Over the past few years there has been a global push toward green improvements. This has taken place at all levels of homeownership from construction to remodeling. While some homeowners go green for the environmental advantages many are looking for greater energy efficiency and therefore greater utility savings. But do all green improvements mean savings?
Tankless Water Heaters
A trend making its way around the housing circles is the installation of tankless water heaters. These systems are thought to provide an instant and constant supply of hot water as well as lowered utility costs. According to an article by Consumer Reports, however, these claims simply don’t seem to hold water.
While tankless systems have been proven to offer enhanced efficiency over their traditional counterparts their cost and installation expense is what puts them just out of the boundary of being a reasonable investment. Check out this article for more information.
There has been a lot of talk recently about solar energy, especially in the wake of the Solyndra bankruptcy. Still homeowners remain intrigued by the idea of decreasing or eliminating their dependency on traditional utility sources, and for good reason: over the past few years the amount of after-tax income that families spend on utilities has continued to increase.
While you might find yourself all ready to jump on your roof and strap down some solar panels when you open your monthly utility bill the cost of the panels and installation could give you pause. According to an article on Discovery.com the starting price for installation of a solar panel system is $5000.00, no small amount of money for the average homeowner.
The article does go on to mention that the investment should pay off with adequate conditions (proper sun exposure, system function, etc.) over a 5-10 year period. It’s also possible to recoup some of the start-up cost through federal and state rebates for this type of improvement. Click here for more information on investing in solar energy.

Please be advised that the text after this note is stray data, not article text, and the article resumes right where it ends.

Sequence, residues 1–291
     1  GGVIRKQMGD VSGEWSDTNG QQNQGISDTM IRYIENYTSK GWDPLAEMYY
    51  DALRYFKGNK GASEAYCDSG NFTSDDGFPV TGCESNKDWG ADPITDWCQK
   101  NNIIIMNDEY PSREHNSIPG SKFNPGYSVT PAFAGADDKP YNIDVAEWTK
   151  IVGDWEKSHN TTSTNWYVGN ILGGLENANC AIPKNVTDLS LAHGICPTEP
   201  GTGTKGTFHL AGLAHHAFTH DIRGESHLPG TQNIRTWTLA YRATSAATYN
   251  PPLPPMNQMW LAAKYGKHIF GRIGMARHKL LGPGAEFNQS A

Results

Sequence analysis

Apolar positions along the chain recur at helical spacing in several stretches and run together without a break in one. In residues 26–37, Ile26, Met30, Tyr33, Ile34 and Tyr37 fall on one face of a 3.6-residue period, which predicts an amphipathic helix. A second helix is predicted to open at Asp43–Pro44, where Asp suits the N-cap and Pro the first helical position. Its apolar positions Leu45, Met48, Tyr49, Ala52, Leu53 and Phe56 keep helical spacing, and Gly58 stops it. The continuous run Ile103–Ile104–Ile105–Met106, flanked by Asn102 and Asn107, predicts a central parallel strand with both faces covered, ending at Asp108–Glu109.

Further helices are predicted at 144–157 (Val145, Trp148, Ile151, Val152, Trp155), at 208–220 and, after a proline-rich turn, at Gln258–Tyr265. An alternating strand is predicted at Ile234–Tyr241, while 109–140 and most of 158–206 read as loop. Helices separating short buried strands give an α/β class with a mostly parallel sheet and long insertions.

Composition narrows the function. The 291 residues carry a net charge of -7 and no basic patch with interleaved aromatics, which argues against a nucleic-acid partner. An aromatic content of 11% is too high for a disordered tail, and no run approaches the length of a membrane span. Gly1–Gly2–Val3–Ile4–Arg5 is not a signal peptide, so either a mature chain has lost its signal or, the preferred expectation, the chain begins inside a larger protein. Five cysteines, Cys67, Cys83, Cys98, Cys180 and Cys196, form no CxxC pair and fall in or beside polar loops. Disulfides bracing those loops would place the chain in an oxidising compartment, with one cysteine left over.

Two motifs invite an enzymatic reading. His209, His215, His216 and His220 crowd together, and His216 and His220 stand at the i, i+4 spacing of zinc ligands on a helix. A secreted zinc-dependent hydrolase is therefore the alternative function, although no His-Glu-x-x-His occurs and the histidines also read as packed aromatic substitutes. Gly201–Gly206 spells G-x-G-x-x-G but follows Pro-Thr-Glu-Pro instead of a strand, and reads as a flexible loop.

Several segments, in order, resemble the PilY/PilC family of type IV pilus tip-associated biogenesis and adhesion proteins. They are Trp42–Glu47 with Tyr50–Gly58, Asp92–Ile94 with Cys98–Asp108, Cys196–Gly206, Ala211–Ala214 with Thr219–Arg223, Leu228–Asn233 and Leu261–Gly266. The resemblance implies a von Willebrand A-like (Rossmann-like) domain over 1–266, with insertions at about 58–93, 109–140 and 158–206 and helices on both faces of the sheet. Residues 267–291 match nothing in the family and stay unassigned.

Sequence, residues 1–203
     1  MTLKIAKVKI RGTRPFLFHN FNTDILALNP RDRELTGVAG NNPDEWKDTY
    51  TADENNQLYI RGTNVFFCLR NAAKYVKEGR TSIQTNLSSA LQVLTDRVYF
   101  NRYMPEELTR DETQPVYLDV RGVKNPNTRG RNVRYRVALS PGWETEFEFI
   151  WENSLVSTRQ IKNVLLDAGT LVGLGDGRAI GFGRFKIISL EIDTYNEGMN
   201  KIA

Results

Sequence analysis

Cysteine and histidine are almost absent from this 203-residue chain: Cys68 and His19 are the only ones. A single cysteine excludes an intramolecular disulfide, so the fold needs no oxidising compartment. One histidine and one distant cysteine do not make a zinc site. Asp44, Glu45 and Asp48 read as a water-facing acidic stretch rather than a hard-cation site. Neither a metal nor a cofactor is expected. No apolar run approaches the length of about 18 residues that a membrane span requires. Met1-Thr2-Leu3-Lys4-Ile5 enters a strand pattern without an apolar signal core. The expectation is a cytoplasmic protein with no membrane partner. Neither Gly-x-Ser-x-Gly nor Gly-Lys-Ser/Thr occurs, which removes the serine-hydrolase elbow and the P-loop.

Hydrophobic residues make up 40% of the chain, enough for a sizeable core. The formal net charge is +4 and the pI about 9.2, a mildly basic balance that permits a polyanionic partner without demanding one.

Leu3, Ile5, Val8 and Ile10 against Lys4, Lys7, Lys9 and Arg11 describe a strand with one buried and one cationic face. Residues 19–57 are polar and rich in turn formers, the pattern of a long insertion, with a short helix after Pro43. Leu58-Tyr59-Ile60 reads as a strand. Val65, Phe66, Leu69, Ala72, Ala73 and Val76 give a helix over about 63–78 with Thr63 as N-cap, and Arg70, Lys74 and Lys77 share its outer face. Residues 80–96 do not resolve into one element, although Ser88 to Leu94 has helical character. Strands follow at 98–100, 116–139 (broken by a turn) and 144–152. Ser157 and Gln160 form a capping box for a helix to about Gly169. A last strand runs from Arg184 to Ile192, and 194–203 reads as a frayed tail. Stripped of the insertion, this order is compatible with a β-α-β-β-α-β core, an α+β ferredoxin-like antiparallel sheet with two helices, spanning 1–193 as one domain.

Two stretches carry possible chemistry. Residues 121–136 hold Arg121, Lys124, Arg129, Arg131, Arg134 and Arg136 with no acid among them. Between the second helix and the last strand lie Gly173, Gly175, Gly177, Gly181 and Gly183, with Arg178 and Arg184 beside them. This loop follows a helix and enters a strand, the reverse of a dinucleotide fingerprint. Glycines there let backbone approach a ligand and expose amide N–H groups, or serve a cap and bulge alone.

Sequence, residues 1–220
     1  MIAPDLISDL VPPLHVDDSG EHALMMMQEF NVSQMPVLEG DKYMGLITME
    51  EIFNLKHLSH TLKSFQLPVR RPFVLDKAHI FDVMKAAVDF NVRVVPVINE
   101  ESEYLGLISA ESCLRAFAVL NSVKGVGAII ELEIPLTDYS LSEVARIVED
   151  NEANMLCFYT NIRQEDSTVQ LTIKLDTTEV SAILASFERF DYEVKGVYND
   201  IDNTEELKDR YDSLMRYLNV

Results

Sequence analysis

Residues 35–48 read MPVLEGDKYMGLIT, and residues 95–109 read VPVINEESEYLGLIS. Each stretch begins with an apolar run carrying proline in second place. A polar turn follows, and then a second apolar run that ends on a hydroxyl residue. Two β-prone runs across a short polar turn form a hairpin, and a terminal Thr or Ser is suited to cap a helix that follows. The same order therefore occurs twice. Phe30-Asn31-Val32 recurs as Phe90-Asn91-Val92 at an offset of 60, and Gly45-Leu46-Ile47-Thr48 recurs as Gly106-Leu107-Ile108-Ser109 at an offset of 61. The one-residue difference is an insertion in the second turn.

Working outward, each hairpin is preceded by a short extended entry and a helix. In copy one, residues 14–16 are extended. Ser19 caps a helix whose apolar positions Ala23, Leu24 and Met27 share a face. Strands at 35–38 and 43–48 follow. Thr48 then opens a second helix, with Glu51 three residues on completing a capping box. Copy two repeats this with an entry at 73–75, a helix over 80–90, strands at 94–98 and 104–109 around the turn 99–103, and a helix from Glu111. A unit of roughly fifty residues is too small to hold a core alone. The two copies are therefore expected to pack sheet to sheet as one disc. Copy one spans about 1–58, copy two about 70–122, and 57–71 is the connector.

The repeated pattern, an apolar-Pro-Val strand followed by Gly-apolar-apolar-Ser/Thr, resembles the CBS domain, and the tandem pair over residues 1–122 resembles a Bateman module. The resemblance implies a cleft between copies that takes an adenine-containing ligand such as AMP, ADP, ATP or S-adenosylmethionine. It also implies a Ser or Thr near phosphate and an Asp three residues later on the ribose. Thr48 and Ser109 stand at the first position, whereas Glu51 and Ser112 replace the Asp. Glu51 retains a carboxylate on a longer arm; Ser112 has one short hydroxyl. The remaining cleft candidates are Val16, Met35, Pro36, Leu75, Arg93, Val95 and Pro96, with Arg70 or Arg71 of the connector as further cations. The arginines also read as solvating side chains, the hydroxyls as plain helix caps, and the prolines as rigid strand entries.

An important thing to remember about making green improvements with financial return in mind is how long you intend to inhabit the property. With most green updates you’re not likely to see return in utility savings over initial investment for a matter of years, so if you plan on selling soon you might get only a portion of your investment back in the form of property value depending on the particular improvement and your market. While some of these investments might not prove fully financially worthwhile they do decrease your carbon footprint which carries a benefit all its own.
Very good article with some important points. while "green" is good to the extent that we all need to do what we personally can to protect our environment, the "green" movement in housing has become a marketing tool. Even real estate agents are now being told that they need a "green" designation, proclaiming the holder to be an expert in "green" housing. But there is little question that "green" in the modern housing world translates into more expense not less. The systems that facilitate the latest "green" technology are often much more expensive than their "low tech" predecessors. Fewer people have the money for expensive state of the art housing technology. For the rest of us, we need simple, money saving ideas. (a permanent "green" tax credit would help too)
My personal favorite is the straw bale houses found out west in the desert. They can be simple or elegant. They are built from inexpensive, easy to acquire materials, and provide a very high "R" value for dealing with the hot, dry desert climate.